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Friday 6 Mar 2009
Lalibela, Ethiopia

Lalibela Day 1!

Another Fokker 50 flight (I love saying that) and I was in Lalibela! The most famous historical location in Ethiopia!

Lalibela is, of course, the location of the famous "rock-hewn churches" that were built by King Lalibela in the 12th century and according to locals this was done in a matter of 23 days with the help of "angelic" forces! Lalibela had a desire to build an "African Jerusalem" free from persecution by Arabs after having visited the city.

Bet Giyorgis
Bet Giyorgis

Regardless of how long it took to create them (or the 40,000 person workforce that scientists believe would be required for the task) they are fantastic creations that are "purely Ethiopian" in the characterists of their Aksumite-shaped windows and doors and exceptional masonry skills.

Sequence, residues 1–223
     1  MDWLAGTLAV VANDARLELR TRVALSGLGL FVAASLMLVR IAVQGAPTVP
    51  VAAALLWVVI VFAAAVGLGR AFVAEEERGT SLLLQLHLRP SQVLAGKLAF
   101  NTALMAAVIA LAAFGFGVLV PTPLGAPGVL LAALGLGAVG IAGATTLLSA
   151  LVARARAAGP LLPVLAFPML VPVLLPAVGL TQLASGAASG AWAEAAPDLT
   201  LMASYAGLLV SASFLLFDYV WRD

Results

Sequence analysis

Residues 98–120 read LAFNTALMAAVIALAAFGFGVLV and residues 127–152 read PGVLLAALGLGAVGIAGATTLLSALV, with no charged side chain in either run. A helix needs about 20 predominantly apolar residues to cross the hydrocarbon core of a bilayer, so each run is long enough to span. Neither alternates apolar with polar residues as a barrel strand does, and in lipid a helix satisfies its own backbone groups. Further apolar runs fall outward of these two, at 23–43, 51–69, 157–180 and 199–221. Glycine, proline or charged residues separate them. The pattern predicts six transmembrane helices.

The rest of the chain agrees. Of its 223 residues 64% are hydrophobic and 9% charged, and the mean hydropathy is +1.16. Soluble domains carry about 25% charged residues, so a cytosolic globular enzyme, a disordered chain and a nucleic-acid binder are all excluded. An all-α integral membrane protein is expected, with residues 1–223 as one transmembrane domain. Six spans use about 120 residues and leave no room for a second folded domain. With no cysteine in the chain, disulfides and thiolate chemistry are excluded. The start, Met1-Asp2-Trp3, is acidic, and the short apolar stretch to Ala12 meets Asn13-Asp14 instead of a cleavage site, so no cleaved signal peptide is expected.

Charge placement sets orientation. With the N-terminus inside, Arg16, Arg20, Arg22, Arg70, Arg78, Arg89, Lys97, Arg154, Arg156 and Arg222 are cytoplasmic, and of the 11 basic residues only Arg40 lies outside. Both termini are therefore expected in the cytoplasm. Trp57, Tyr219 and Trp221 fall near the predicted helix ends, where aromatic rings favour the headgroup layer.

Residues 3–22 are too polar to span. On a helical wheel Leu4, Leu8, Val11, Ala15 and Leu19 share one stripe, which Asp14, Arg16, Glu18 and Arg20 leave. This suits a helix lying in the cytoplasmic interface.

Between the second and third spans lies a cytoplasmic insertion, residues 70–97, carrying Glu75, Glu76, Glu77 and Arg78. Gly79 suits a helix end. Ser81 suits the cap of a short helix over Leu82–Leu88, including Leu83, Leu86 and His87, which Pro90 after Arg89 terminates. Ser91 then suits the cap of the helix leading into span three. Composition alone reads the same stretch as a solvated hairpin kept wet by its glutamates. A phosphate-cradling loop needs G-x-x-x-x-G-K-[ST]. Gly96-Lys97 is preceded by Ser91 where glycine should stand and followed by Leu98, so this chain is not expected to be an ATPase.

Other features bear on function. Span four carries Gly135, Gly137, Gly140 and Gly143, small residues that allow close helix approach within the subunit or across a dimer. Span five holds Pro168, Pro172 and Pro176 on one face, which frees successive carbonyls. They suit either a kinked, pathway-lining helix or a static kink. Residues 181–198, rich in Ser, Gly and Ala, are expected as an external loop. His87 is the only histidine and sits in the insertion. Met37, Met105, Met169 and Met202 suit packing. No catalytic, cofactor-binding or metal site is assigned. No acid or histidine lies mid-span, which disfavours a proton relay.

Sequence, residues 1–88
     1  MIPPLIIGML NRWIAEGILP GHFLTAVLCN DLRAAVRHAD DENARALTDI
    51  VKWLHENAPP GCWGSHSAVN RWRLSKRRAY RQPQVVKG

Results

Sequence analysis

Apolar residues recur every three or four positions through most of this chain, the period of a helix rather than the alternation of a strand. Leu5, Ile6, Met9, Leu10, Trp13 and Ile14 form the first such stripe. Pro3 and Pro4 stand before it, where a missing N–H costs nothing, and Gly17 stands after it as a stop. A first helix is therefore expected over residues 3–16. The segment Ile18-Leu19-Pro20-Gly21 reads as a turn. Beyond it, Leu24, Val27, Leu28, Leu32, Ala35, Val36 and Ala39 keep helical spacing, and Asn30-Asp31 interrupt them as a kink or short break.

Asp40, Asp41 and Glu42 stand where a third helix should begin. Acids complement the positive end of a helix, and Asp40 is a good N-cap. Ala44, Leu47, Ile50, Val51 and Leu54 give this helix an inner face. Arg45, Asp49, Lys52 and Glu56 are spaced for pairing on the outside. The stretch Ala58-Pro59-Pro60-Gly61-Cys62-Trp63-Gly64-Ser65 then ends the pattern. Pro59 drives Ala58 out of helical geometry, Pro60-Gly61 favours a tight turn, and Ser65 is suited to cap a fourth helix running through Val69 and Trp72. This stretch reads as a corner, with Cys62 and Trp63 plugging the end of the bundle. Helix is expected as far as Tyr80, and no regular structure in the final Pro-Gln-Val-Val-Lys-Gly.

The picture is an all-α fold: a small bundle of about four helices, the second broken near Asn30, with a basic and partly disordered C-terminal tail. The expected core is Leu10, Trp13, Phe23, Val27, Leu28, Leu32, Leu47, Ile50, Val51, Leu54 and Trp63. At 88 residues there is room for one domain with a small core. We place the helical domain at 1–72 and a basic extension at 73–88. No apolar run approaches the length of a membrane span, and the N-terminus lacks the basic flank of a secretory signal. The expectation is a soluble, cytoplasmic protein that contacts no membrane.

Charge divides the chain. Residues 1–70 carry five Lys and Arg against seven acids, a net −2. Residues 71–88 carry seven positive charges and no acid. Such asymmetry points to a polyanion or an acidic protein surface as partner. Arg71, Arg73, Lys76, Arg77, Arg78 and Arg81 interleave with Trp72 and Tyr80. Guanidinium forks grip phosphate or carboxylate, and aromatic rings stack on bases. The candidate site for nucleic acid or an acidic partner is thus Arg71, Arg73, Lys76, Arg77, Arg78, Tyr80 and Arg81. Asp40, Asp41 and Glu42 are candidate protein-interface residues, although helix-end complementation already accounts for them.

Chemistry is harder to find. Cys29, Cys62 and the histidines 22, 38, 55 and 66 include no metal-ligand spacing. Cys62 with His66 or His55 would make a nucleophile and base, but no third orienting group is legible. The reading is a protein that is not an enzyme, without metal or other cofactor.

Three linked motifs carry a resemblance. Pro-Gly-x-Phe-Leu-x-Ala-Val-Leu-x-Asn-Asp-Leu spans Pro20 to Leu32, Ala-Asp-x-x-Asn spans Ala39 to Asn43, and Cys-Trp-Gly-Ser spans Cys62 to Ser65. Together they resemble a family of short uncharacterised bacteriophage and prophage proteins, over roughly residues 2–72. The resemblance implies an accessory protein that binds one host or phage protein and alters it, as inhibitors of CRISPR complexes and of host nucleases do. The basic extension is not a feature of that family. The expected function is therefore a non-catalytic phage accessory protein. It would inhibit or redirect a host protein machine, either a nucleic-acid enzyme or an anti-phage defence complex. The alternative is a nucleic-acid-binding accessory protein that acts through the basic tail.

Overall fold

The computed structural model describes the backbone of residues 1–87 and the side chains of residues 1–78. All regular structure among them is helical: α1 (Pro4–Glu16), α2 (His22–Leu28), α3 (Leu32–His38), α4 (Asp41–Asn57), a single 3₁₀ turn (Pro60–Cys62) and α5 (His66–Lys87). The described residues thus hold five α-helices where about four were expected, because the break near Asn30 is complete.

What makes these churches wonders of the world is the fact that they were all carved directly into the surrounding rock (evidently there was a lack of trees or a rock-quarry at the time to make temples out of wood or loose stone) and then, unlike Petra, the masons went further and actually "separated" the churches completely from the surrounding rock by making all 4 sides free of any contact with the original stone container (except the bottom of course!).